ArtsATL > Music > Review: Wynton Marsalis kicks off National Black Arts Festival by setting the jazz standard

Review: Wynton Marsalis kicks off National Black Arts Festival by setting the jazz standard

Marsalis with his Jazz at the Lincoln Center Orchestra.
Wynton Marsalis with his Jazz at the Lincoln Center Orchestra.
Marsalis with his Jazz at Lincoln Center Orchestra.

Handing trumpeter Wynton Marsalis the programming duties for this inaugural year of the new-direction National Black Arts Festival was a smart, safe bet. Marsalis has set out to create a music series that offers a rich vision of a portion of jazz history, presenting some of the music’s luminaries aside younger acts. 

Friday, Marsalis kicked off his gig as curator with his Jazz at Lincoln Center Orchestra at Symphony Hall, setting a high bar for future concerts in the NBAF series. The next show, featuring the Heath Brothers Quartet Plus Jeremy Pelt, takes place at the Rialto Center for the Arts on August 23. The Jason Marsalis Vibes Quartet and the Marcus Roberts Trio appear at venues around town in September.

The JLCO is no stranger to Atlanta, and I’ve reviewed multiple concerts they’ve put on at Symphony Hall over the years. At times, the band’s sound seemingly became trapped in the large, somewhat unforgiving space, or the musicians have seemed a little uninspired, despite playing for a hometown crowd — a handful of the players have ties to Atlanta and surrounding communities. Marsalis has always, though, given the utmost respect to the music, and his 15-piece band always looks uniformly dapper — for this show, light gray suits, blue shirts and black shoes lent an effortlessly polished air to the proceedings.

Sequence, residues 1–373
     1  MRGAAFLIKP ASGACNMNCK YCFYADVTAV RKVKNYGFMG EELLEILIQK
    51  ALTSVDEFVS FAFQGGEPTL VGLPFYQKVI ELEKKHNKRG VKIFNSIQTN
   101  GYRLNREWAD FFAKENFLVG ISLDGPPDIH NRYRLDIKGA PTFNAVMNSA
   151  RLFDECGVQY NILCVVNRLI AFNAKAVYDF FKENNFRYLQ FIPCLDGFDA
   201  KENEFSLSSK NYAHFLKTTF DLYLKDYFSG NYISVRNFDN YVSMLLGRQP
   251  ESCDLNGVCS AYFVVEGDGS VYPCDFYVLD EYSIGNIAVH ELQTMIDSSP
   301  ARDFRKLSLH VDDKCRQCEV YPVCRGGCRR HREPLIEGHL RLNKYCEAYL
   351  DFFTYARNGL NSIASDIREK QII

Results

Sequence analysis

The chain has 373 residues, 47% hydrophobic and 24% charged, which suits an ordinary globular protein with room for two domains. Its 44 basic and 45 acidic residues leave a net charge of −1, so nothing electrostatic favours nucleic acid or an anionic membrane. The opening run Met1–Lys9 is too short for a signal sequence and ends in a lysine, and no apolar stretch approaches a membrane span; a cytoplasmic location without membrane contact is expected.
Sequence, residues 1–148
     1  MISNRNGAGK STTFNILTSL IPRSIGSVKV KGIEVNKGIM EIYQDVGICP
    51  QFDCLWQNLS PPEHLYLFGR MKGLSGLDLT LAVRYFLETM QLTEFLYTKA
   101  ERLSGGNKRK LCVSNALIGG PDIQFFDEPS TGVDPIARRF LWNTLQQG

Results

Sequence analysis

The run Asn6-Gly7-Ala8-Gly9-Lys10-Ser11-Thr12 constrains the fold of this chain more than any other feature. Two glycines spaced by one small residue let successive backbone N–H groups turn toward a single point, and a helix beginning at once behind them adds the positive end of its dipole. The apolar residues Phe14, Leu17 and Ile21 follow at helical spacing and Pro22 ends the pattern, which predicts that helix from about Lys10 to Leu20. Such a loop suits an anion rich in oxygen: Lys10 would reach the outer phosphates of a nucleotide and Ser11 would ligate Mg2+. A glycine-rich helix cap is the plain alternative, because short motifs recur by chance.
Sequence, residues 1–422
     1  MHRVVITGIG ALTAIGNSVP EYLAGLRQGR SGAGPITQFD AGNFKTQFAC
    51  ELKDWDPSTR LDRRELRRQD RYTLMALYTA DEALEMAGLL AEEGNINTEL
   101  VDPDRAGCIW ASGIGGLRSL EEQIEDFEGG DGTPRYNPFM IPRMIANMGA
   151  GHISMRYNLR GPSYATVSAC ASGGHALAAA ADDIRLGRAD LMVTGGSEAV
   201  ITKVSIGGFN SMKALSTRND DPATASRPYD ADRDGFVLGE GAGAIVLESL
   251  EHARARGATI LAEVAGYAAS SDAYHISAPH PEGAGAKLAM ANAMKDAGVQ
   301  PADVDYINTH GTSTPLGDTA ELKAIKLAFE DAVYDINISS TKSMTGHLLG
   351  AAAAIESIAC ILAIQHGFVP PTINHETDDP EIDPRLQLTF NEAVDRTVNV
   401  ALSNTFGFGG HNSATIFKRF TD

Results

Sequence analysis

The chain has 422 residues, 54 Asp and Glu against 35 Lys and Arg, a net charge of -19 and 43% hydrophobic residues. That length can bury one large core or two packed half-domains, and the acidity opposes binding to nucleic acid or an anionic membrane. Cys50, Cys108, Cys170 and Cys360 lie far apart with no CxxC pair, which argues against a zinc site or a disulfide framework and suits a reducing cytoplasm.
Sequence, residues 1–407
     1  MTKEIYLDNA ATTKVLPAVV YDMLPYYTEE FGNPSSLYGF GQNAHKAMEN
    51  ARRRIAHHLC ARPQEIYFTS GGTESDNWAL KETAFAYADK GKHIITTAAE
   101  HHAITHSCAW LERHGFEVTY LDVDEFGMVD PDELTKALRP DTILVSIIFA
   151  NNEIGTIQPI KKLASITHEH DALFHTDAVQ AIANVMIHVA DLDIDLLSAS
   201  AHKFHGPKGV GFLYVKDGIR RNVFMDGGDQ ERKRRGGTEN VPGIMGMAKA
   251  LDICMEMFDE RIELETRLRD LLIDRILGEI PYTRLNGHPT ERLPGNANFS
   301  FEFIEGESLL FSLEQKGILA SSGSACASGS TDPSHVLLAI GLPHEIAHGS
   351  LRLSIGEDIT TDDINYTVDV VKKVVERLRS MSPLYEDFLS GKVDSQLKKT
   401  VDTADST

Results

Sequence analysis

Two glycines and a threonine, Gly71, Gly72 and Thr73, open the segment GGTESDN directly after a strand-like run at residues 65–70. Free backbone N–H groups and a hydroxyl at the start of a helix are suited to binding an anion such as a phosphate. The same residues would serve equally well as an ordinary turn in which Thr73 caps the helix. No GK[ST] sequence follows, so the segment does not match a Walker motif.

As always, Marsalis highlighted the hometown musicians in the band and brought out tenor saxophonist Walter Blanding,Jr.’s, mother, local singer Audrey Shakir, to rousing applause four numbers into the band’s set. Shakir — who has recorded with HotShoe Records and has an easy “classic jazz” voice, a second-nature grasp of improvisation and a wide, big-band vibrato — playfully sang the Eddie Cantor tune “Yes Sir, That’s My Baby” with a bit of instrumental support from her son. 

Marsalis started the night with a bit of a solo warmup, coming to the front of the stage and letting out a barrage of notes, peals and runs, preparing the audience for a show of instrumental pyrotechnics. And with Shakir’s appearance, the band had established the tone for the night — a convivial, laid-back atmosphere that nonetheless featured a band in top performance shape. 

For the most part, Friday night wasn’t about awe-inspiring technical skill; it was about giving the NBAF audience an enjoyable and engaging study of jazz. Marsalis, perhaps taking his status as the NBAF’s programmer to heart, gave context for nearly every piece of cherished jazz material — the band played all standards, with arrangements from musicians in the group. The band excels at fast tempos, but while there were bits of flash and technical wizardry throughout the concert, the orchestra went for substance and musicianship over technical prowess. While every musician is a formidable soloist in his own right, the group sound prevailed over individual tendencies.

This idea surfaced most notably in the saxophone section during Charles Mingus’ “Self-Portrait in Three Shades,” an achingly quiet, introspective composition. The saxophones, barely above a whisper, pushed out the tune with expertly balanced tone color; moving in synch, the group played as one instrument. It was the most bite-sized tune of the night, nestled among a spirited version of Thelonious Monk’s “Skippy” and blues tunes from Jelly Roll Morton and Horace Silver.

While the rest of the NBAF jazz concerts certainly look appealing on paper, they’ll have a hard time living up to the example set by the Jazz at Lincoln Center Orchestra.

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